Jaguars coach Mike Mularkey wants his team to avoid the selfishness that plagued the 1980s Vikings.
By BRIAN HALL FS North
EDEN PRAIRIE, Minn. — Just before getting on a conference call with members of the Minnesota media Wednesday, Jacksonville Jaguars first-year head coach Mike Mularkey was reminded of his times with the Vikings when good friend and Minnesota offensive coordinator Bill Musgrave sent Mularkey a picture of him in his Vikings' playing days.
It wasn't the first time Mularkey has recalled those days in Minnesota, and it wasn't the last time he was reminded of them Wednesday. Mularkey sees reminders often of his playing days, when he was a tight end for the Vikings in the mid-1980s.
Some of those memories aren't the fondest.
Mularkey told the Florida Times-Union this week about some of the tougher times he had in Minnesota, being part of a locker room that didn't always embrace a team concept. He reiterated those comments on Wednesday's conference call.
"We were very talented, and some of the things that went on behind the scenes, it was frustrating in that locker room at times for some players to watch situations take place," said Mularkey, who played for Minnesota from 1983-88. "I'm not going to point out the situations or the players or what they were, but we should have won more games than we did. I think a lot of things that played into it took place in the locker room."
In particular, Mularkey was troubled by two teams that fell short in the playoffs. In 1987, Minnesota lost to the Washington Redskins in the NFC Championship game. In 1988, an 11-5 Vikings squad fell to the San Francisco 49ers in the playoffs.
"It wasn't that they weren't good people," Mularkey told the Florida Times-Union. "It was distractions. More of those guys were concerned about themselves than they were about the team. Great players, though. Absolutely great players. They had 13 Pro Bowlers (actually six in 1987 and nine in 1988). It was a frustrating locker room because those guys that weren't the most talented (were) the guys that worked their tail off. I was around a lot of talent. We should have won a lot more games than we did."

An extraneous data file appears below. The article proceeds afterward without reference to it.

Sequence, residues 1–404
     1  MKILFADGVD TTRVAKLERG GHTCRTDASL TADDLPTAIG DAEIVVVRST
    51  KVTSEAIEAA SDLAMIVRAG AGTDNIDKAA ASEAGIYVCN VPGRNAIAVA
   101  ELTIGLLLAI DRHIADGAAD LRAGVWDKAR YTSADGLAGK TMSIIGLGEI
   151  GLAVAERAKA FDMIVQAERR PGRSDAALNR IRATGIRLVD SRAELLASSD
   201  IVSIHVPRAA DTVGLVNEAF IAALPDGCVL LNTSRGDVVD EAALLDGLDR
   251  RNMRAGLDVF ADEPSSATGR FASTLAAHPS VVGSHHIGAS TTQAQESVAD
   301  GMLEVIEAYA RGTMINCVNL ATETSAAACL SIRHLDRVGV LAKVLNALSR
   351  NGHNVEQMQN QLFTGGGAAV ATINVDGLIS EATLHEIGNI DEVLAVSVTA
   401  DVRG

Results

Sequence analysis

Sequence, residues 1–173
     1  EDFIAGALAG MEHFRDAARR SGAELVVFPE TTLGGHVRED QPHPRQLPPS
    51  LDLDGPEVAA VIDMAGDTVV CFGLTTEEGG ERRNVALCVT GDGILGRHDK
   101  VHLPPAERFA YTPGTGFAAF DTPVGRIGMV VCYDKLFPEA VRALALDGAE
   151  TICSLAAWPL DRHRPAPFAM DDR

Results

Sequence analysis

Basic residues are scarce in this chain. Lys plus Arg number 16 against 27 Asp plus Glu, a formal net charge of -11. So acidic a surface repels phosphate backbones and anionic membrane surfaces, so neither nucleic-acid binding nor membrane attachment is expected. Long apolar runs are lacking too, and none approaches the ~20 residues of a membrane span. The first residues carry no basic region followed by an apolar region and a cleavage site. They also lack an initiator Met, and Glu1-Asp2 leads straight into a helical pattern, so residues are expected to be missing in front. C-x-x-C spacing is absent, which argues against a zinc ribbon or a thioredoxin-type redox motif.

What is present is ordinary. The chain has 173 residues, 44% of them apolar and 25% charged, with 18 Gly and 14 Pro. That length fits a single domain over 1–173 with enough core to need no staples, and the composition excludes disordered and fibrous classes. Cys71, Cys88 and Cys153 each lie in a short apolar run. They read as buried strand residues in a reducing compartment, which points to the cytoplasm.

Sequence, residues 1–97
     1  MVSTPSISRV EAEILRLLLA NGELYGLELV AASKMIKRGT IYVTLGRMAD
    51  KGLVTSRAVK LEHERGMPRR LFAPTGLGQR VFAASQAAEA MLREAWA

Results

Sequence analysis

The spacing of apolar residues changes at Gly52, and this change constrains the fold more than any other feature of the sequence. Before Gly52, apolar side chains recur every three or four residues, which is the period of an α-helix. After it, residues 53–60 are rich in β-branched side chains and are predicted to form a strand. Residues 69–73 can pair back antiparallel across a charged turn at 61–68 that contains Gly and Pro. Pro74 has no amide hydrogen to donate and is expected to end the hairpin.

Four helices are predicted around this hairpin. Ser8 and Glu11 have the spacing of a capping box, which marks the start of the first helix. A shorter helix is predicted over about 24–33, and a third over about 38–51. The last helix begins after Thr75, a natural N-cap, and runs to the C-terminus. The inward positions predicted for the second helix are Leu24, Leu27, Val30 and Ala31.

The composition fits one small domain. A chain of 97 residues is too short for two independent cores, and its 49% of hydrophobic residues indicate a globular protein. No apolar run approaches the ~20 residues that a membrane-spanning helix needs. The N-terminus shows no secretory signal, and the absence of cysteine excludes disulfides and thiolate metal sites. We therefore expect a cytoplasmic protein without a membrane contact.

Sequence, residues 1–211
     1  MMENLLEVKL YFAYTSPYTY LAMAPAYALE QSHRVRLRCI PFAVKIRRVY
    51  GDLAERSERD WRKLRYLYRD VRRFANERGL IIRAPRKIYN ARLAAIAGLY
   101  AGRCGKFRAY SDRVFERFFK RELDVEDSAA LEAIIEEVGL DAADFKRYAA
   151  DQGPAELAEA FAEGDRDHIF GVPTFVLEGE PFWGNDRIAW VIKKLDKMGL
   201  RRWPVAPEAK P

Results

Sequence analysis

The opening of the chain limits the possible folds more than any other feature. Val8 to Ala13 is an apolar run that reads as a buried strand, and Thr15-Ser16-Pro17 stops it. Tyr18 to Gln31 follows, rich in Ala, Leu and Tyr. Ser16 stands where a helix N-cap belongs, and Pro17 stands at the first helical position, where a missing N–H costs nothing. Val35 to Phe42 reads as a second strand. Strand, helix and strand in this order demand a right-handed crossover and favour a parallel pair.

Mularkey was a backup on those Vikings' teams, often playing a smaller role or contributing as a blocker or special teams player. He finished with 42 catches in 75 games over six years in Minnesota. On teams filled with stars, Mularkey was in the position of having to fight for a roster spot. While he and others were hanging on, he saw selfishness around him.
"Somewhat, yeah," Mularkey said Wednesday. "Somewhat the selfishness. Again it's hard to explain it without giving you exact examples, but I know I wasn't the only one affected. I know the guys that were in the locker room that sat there and sweat out making the team every year, which were a bunch of us in that locker room. It was frustrating at times to watch things happen as they did. And that's just an example. I've seen it. I've been in the league for 28 years and I've seen it. That was just the start, and it's pretty consistent for me as a player and coach to watch different locker rooms how the results happen."
In 1989, Mularkey joined the Pittsburgh Steelers and witnessed a different attitude. He's seen it both ways in his years as a player and coach and is now getting his second chance as a head coach in Jacksonville. Mularkey has a young team without a lot of expectations and is the sideline boss of an organization that just took a stand against disgruntled running back Maurice Jones-Drew.
Jones-Drew was upset about his contract, which has two years and $9.4 million remaining, and became the highest-profile, messiest holdout of the offseason. Jaguars owner Shahid Kahn and the team's front office wasn't going to relent and restructure Jones-Drew's deal with two years left. Jones-Drew led the NFL in rushing last season with 1,606 yards but is behind such running backs as Adrian Peterson, Chris Johnson, LeSean McCoy, Arian Foster, Steven Jackson, DeAngelo Williams and Marshawn Lynch in yearly salary.
Jacksonville, with Mularkey as coach, stood strong and Jones-Drew returned Sunday without a new deal in place.
Minnesota coach Leslie Frazier knows it's one of the coach's roles to keep selfishness out of the locker room, no doubt something Mularkey is keeping in mind these days.
"It could undermine everything you're trying to do, especially if it's one of your key guys, one of your leaders," Frazier said. "You have to be mindful of that and in the role that I'm in, you need your key guys, your star players, to understand the team concept and hopefully think about the team in certain situations before themselves."
Mularkey does have some fond memories of Minnesota, though, such as his first week with the team and the interaction with then coach Bud Grant.
"A lot of good memories up there," Mularkey said. "I still run into teammates. Really a lot of times now with some of the guys I've played with, their sons being in the league like Steve Jordan, his son is in the league. I run into a lot of guys, (Vikings' director of college scouting Scott) Studwell, A lot of good friends still up there."